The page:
Earlier this week, the Biden administration’s Department of Education officially launched its student debt forgiveness platform, allowing millions of borrowers to apply for student loan cancelation following a weekend of beta testing to ensure a smooth process. So far, everything seems to be working smoothly, and it’s estimated that more than eight million borrowers filled out applications in the first few days of the applications soft-launch. However, the FBI is warning those who have yet to apply to be wary of scams. Here’s what you need to know.
According to Gizmodo, there’s a growing concern about scammers looking to take advantage of people trying to apply for the student debt forgiveness program. The Federal Bureau of Investigation (FBI) and President Biden have spoken out, warning borrowers to be vigilant about what information they share and with who.
Student loan forgiveness scams are targeting people in sneaky ways:
The FBI notes that cybercriminals may attempt to contact people applying for the loan to convince them to provide personal or financial information that could be used for scams or identity theft later.
The agency also noted that some scammers are asking people for “processing fees,” which the FBI notes is not a practice of the agency, federal government, or its loan partners.
According to CNET, people need to be aware that scams don’t only come as emails. Borrowers must be suspicious of shady social media posts, QR codes, text messages, and phone calls.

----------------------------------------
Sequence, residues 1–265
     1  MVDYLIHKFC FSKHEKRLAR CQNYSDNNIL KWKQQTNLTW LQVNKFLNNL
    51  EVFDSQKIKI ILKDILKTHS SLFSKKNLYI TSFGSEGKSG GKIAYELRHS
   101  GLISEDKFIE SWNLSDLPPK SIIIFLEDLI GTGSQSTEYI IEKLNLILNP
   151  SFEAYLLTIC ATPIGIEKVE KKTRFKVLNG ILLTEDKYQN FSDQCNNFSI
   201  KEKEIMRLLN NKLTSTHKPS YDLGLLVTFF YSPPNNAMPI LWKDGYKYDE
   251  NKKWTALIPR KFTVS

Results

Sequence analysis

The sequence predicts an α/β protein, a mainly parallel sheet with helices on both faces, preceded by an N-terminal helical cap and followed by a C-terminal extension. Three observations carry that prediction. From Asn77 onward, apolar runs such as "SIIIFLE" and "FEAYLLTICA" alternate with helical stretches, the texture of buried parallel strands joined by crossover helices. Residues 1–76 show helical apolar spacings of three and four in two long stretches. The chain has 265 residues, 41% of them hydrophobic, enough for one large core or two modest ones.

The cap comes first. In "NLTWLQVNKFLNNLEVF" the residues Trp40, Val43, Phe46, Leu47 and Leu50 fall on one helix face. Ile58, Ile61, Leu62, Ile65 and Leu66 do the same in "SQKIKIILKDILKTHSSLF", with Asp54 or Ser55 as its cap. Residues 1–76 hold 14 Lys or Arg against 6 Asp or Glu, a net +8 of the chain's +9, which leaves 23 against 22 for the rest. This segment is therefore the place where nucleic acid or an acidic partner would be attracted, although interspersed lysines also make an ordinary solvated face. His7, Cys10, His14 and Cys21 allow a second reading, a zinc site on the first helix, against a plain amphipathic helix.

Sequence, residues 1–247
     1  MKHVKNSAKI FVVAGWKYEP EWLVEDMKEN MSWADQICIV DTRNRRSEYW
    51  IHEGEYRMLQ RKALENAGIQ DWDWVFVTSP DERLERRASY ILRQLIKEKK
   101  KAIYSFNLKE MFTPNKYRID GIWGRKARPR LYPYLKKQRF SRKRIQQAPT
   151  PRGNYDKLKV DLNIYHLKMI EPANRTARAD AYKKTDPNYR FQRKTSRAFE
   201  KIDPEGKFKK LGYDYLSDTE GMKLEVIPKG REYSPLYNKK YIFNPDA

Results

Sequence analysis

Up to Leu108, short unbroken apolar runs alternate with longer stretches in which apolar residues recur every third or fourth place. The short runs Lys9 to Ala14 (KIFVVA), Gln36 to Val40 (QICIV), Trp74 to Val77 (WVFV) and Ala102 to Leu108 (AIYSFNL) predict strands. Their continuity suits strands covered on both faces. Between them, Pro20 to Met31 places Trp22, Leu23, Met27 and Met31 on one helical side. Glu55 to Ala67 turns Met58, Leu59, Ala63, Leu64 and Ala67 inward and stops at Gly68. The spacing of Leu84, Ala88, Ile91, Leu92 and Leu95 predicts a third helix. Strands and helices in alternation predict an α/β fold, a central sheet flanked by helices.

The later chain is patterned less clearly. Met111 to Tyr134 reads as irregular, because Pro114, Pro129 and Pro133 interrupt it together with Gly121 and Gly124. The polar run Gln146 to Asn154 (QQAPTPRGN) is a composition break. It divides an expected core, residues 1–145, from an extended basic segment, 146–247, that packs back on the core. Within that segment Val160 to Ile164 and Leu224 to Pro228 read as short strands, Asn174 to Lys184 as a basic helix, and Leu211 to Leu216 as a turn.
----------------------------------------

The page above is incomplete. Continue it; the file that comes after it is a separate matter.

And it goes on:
Beware of any application or person, text, or email asking you to:
attach or upload any documentsgive out bank account or credit card information, or your FSA IDpay for processing fees or any other part of the loan applicationoffering you faster application approval if you pay a feeasking you to pay with cryptocurrency — not only is applying free, but scammers could be trying to access your crypto wallet
How do you avoid being caught in a student loan forgiveness scam?
The best way to avoid scams is to know what scams look like.
“Unsolicited emails and other messages should be ignored, and attachments inside of them should never [be] opened,” CNET explains.
Another important way to avoid getting caught in a scam is to pay attention to the sender’s addresses for any emails regarding loan forgiveness.
The Federal Trade Commission (FTC) says you can expect email updates from the Department of Education regarding loan forgiveness only. At that time, you might be asked to upload documents for verification.
But those emails will come from only one of three addresses only:
“Pay close attention the sender address for emails about loan forgiveness — looking for slight typos — to avoid a scammer’s fake emails,” the commission suggests.
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